Lucida Dark Of_death_of_love

Lucida Dark - Of Death, Of Love


By now, the Nebraska-based post-rock outfit, Lucida Dark, has become a household name of the genre. What’s that? You’ve never heard of them? Well, buckle up kiddo, because you’re in for a ride! They just released their debut album, “Of Death, Of Love”, and it’s of the highest order.

I’ve been a fan of the post-rock movement since 2006, even though I’ve realized in retrospect that I listened to some bands of the genre prior to this without knowing it. It all started with the track “Karelia”, by MONO from Japan. I was sold. I didn’t know it was possible to make music this cathartic, atmospheric, and evocative. I quickly went through their discography, craving more just like it, so I dove deep into the genre and loved pretty much everything I listened to, what with the novelty of it all. It took me a few years, given how diverse this genre, or movement, actually is, but eventually, I realized I liked some styles more than others, namely the atmospheric, cathartic, and evocative kind. I went full circle. I still appreciate plenty of the other styles, but at the core of it all, this is the style I love. Combine this with my predilection for heavy music and we’ve got ourselves a deal.

Back in 2009, If These Trees Could Talk released an album with a perfect symmetry of post-rock and post-metal, which is called “Above the Earth, Below the Sky”. A high-wire balancing act that managed to be both genres at the same time, without tipping over into either side. Few bands have managed to pull this off with such surgical precision and even fewer have managed to pull it off this well. Enter Lucida Dark, from Omaha, NE.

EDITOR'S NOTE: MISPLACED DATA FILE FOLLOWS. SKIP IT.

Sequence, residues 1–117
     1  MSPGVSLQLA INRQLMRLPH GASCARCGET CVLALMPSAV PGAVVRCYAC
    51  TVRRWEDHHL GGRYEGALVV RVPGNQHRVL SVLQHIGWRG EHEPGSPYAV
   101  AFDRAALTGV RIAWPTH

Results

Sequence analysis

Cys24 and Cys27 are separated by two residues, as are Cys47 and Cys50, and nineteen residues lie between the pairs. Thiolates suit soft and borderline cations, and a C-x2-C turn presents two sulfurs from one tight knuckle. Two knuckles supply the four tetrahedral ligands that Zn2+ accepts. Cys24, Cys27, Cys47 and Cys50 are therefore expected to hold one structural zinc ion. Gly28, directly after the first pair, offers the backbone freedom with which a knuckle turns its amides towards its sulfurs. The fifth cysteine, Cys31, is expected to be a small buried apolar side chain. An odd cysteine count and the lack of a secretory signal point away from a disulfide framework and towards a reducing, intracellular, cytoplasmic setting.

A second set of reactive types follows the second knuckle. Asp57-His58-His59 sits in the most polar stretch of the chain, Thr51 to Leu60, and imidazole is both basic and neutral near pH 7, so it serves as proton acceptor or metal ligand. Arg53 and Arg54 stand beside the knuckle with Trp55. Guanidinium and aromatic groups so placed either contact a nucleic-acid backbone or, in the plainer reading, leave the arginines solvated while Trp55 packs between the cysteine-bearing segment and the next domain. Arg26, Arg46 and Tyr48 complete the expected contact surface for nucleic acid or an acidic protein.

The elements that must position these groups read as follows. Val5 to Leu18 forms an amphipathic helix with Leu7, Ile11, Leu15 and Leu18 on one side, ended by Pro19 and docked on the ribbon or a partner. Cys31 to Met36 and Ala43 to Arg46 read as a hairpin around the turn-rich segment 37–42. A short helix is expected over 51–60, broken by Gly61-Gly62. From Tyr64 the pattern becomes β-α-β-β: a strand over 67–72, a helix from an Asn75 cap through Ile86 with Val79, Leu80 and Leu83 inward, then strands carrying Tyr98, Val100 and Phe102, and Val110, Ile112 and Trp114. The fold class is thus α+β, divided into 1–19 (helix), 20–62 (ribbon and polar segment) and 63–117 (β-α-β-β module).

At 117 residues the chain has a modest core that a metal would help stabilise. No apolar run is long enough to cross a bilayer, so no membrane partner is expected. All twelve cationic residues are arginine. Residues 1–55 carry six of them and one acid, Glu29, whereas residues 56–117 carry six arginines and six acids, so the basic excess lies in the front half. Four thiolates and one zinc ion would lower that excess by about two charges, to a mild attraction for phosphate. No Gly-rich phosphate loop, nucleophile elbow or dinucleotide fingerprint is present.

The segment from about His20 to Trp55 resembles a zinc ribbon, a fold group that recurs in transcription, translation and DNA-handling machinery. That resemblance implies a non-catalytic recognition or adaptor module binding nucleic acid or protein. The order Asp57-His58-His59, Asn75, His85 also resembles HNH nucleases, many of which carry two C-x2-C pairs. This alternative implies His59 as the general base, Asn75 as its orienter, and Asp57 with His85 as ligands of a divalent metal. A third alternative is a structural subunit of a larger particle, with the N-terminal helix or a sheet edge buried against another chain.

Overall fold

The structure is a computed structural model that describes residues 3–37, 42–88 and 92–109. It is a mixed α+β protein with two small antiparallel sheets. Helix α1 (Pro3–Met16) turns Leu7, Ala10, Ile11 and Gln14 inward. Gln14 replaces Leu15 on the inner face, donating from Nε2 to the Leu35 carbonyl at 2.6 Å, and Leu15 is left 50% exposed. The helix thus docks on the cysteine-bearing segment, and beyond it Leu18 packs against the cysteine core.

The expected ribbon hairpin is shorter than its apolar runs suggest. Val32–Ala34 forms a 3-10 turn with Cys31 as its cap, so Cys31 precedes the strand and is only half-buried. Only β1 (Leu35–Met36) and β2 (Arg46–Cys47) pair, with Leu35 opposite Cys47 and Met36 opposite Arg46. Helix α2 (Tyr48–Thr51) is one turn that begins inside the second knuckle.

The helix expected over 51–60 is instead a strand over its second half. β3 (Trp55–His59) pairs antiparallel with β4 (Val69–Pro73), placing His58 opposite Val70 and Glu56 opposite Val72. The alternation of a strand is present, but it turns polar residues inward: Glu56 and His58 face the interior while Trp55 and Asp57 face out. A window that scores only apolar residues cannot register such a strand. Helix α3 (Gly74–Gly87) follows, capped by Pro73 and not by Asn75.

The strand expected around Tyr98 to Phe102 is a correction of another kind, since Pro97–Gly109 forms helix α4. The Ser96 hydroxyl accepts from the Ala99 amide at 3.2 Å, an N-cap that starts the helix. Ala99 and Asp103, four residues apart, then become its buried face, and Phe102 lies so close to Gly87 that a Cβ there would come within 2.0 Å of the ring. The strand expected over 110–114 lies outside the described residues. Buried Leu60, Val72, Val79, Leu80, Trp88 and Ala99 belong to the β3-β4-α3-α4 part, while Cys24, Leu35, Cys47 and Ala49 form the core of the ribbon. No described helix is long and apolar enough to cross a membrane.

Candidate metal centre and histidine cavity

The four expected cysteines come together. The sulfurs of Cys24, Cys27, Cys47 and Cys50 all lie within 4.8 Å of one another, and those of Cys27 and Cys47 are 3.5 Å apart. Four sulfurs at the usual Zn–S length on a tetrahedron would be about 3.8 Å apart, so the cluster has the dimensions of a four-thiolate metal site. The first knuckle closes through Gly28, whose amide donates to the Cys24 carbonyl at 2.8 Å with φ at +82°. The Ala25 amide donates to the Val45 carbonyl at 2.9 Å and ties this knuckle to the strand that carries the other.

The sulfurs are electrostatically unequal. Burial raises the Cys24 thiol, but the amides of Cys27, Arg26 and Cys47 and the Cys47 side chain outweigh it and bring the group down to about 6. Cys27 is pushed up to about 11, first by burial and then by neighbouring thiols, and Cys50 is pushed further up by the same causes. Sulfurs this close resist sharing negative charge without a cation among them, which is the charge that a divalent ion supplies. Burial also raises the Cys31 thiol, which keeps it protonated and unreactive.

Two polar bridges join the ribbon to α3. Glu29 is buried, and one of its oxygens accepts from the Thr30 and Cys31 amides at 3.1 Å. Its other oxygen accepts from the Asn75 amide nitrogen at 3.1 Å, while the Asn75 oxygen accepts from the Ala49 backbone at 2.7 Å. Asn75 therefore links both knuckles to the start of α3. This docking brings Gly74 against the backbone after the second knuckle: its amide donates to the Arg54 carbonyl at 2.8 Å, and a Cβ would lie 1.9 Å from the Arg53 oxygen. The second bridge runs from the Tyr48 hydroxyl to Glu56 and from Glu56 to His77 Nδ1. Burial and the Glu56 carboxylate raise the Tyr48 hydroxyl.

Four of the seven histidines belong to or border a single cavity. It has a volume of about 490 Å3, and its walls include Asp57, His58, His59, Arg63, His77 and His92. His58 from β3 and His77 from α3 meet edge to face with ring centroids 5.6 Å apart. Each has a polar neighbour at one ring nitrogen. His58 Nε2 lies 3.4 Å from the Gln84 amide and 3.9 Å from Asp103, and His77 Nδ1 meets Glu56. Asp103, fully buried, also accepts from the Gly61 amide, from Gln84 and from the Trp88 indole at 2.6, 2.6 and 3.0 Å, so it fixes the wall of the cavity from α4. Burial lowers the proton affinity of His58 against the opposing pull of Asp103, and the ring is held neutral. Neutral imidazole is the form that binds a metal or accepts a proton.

On account of being “acquainted” with some of the members on Facebook, I knew they had an album coming. I didn’t have any particular plans on listening to it on release day, but the absolutely stunning cover art intrigued me enough to just go through with it. Do you know how you sometimes can tell that an album is going to be good by just hearing the first couple of seconds of it? That was definitely the case here. The first track, ‘Taken By Sorrow’, starts off with this ambient dark drone, with an incredibly thick atmosphere, which is further accompanied by a somber piano. Again, the sound is so vast I can only imagine it was recorded in the Son Doong cave of Vietnam. It’s ridiculous and I love it, especially when the guitars and drums kick in, with a tone so crisp it could chisel monuments out of the said cave. With that being said, it’s not all melodic. This thing shreds as well, with chainsaw-like, almost progressive, riffs to cut through the dark atmosphere. While the overarching theme of the album is the incredibly ephemeral aspect of life itself, it’s not all doom and gloom. The fourth track, “There Are Other Worlds Than These” has this hopeful and uplifting tone, like being carried into some sort of afterlife.

With great precision, Lucida Dark has managed to tip-toe a very fine line between post-rock and post-metal with utmost perfection, bringing us the best of both worlds, navigating us through a larger-than-life atmosphere with instruments that somehow manages to shred and create at the same time. This is exactly what I love, and I can’t wait for the next chapter. I hope I’ll have the opportunity to witness these tracks live in concert at some point as well.